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Maureen Connolly Brinker
Born September 17, 1934
San Diego, California, U.S.
Died June 21, 1969 (aged 34)
Dallas, Texas, U.S.
Nationality  United States
Spouse(s) Norman E. Brinker
(1955-1969)
Children Cindy Simmons
Brenda Bottum

Maureen Catherine ("Little Mo") Connolly Brinker (September 17, 1934 – June 21, 1969) was an American tennis player who was the first woman to win all four Grand Slam tournaments during the same calendar year.

Contents

Biography

Connolly was born in San Diego, California, U.S. As a child, she loved horseback riding, but her mother was unable to pay the cost of riding lessons. So, she took up the game of tennis.

Connolly's career began at the age of 10 on the municipal courts of San Diego. Her first coach, Wilbur Folsom, encouraged her to switch from a left-handed grip to right and she soon became a baseline specialist with tremendous power, accuracy, and a strong backhand. At age 14, she won 56 consecutive matches and the following year became the youngest ever to win the U.S. national championship for girls 18 and under.

At the 1951 U.S. Championships, the 16 year old Connolly defeated Shirley Fry to become, at that time, the youngest ever to win America's most prestigious tennis tournament.

Connolly successfully defended her U.S. title and won Wimbledon in 1952. For the 1953 season, she hired a new coach, the Australian Davis Cup captain Harry Hopman, and entered all four Grand Slam tournaments for the first time. She defeated Julie Sampson Haywood in the Australian Championships final and Doris Hart in the finals of the French Championships, Wimbledon, and the U.S. Championships to become the first woman, and only the second person, to win the world's four major titles in the same year, commonly known as a "Grand Slam". She lost only one set in those four tournaments.

In 1954, Connolly did not defend her title at the Australian Championships but successfully defended her French and Wimbledon championships. On July 20, 1954, two weeks after she won her third straight Wimbledon title, she was horseback riding when an accident with a truck crushed her right leg, ending her tennis career at age 19.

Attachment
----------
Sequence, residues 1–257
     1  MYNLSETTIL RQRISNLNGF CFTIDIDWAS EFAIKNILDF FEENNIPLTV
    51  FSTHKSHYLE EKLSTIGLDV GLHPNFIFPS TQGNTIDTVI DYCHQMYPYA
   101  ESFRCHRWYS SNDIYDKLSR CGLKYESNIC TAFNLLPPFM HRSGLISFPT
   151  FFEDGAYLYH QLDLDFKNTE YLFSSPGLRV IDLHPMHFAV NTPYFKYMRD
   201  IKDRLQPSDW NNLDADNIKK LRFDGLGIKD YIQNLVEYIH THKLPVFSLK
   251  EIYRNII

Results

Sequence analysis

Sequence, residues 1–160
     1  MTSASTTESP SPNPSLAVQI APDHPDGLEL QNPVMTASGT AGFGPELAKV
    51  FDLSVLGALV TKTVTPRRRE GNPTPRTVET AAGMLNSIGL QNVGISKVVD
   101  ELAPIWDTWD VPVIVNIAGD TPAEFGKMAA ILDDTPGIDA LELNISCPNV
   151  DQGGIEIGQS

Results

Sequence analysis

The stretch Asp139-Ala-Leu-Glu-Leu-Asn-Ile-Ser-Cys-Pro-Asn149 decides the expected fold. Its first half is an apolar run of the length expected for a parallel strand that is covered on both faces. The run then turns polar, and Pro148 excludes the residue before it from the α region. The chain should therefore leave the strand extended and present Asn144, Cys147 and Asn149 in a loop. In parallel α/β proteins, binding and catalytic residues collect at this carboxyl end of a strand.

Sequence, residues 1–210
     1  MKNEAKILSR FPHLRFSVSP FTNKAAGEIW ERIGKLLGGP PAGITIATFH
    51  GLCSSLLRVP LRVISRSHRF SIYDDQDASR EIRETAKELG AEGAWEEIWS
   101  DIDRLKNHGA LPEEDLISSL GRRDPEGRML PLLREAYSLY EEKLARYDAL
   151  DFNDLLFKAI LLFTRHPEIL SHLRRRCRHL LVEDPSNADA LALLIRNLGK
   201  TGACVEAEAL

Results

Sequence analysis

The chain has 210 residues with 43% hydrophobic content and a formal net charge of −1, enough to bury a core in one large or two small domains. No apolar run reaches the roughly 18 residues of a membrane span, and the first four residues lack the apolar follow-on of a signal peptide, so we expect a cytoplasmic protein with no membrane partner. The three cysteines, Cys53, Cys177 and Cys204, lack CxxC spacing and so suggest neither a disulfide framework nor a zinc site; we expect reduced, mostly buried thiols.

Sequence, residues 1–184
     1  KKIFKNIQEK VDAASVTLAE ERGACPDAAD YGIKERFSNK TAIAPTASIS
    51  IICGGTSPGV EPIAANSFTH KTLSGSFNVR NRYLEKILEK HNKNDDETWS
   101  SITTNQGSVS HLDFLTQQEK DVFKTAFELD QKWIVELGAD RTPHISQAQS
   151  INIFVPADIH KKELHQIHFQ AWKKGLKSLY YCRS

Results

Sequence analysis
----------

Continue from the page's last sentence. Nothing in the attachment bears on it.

Grand Slam singles results for Connolly's 11 appearances:

  1. Australian Championships - 1 time: Winner 1953
  2. French Championships - 2 times: Winner 1953, 1954
  3. Wimbledon - 3 times: Winner 1952, 1953, 1954
  4. U.S. Championships - 5 times (1949–1953): Winner 1951, 1952, 1953

Connolly won the last nine Grand Slam singles tournaments she played, including 50 consecutive singles matches. During her Wightman Cup career from 1951 through 1954, she won all seven of her singles matches.

Connolly's achievements made her the darling of the media and one of the most popular personalities in the U.S. She was named Associated Press Female Athlete of the Year for three straight years from 1951 through 1953. However, Connolly recognized the downside of her tennis career, saying, “I have always believed greatness on a tennis court was my destiny, a dark destiny, at times, where the court became my secret jungle and I, a lonely, fear-stricken hunter. I was a strange little girl armed with hate, fear, and a Golden Racket.”[1]

In June 1955, Connolly married Norman Brinker, a member of the 1952 Olympic equestrian team for the United States, who shared her love of horses. They had two daughters while she remained partially involved in tennis, acting as a correspondent for some U.S. and British newspapers at major U.S. tennis tournaments and as a coach for the British Wightman Cup team during its visits to the U.S. In Texas, where the couple lived, she and her husband established the "Maureen Connolly Brinker Foundation" to promote junior tennis.

In 1966 Connolly was diagnosed with stomach cancer, from which she died at age 34 in Dallas, Texas on June 21, 1969, and was interred in the Sparkman-Hillcrest Memorial Park Cemetery in Dallas.